I recently transformed an old kitchen cupboard into a fun Dartboard Cabinet for our playroom. Chalkboard paint on the inside panels are perfect for keeping score and bead board wallpaper on the back gives it some extra charm. Now my 9 year old can beat me at darts in style! To see more of this project please visit our blog:
I was thrilled to do a project using graphics from the Graphics Fairy and have it featured on the DIY Graphics Fairy site.
We started with a buffet that had been repaired over its lifetime and was not living up to its potential.
After sanding and painting with homemade chalk paint I hand painted a bee motif using a projector as a guide then we waxed it and married it to a beautiful mirror we had to create a server for our dining room. I would love to know what you think...To see the whole guest post and learn about the process... just click on the link!
(www.oldworldgardenfarms.com )When we first started to put down some initial designs on paper – one thing we didn't want was a typical brick, mortar or stone outdoor kitchen. We wanted
something unique, and we wanted it to match the existing barn and reclaimed brick patio. Even more – we wanted to make it from the left over recycled barn materials we already had on hand. The only other requirement was to make sure we had enough counter space on each side to be able to easily prepare food straight from the garden to the grill.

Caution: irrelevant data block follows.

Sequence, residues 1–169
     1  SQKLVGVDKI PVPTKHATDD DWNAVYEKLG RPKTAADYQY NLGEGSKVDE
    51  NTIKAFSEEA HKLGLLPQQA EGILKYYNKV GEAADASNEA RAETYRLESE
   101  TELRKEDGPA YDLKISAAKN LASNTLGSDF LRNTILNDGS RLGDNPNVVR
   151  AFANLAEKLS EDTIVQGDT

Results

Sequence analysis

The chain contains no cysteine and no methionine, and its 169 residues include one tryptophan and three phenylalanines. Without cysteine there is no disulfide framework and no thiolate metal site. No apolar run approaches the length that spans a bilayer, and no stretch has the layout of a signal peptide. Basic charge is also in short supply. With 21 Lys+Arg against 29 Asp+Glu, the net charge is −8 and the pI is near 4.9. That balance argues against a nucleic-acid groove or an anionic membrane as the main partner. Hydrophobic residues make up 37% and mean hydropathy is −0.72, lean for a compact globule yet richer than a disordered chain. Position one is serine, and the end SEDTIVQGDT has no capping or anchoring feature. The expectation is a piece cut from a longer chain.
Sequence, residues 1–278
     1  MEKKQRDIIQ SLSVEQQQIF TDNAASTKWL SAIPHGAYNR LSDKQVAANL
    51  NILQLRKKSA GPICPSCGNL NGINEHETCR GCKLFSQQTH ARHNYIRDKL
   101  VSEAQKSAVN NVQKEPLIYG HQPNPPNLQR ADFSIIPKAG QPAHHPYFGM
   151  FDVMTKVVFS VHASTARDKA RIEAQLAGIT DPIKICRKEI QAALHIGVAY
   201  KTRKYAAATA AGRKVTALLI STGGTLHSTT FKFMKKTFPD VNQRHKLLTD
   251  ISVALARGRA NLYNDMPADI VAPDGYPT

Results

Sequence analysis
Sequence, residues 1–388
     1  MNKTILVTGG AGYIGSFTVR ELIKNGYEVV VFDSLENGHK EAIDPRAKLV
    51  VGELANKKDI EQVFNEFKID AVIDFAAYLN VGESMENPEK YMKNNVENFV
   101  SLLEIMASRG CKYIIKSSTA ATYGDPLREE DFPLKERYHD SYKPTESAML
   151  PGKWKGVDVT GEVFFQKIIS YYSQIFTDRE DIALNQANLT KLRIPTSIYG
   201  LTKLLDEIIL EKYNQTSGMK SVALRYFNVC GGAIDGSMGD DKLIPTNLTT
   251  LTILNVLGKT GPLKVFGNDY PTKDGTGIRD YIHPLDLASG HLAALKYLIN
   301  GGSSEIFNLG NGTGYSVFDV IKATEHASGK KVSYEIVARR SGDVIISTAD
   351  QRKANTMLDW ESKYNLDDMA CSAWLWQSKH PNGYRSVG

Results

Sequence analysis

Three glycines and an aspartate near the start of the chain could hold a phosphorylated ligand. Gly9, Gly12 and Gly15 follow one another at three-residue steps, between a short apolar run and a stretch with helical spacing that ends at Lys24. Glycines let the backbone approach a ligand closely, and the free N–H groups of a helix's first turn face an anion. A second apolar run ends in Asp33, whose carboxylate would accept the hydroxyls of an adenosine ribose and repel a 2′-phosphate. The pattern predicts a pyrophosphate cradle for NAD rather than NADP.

We finally decided on a simple straight line island design. 14′ long, with a 48″ grill and burner slide-in space in the middle. Each side would then be flanked by 5 foot overhanging counters. We made the width of the counter 34″ to give extra surface room to prepare and serve foods. With limited time before a looming barn party– we opted for a simple wooden top for now to match the farm table – however- as future time allows – we really want to replace with some stained concrete countertops.
THE BUILDING PROCESS
We first built a simple 2 x 4 stud frame, leaving a 48″ space in the middle and front for the grill and burners to slide in. We used treated wood for the bottom to sit on the brick pad – and then built the rest from standard 2x lumber. Next -we encased the inside of the grill area with cement board to protect the structure from the heat of the grill. Then sided the entire structure with more of the left over corrugated roofing and trimmed it out to match the barn.
All that was left was to slide in the grill – attach the top and the outdoor kitchen project was complete!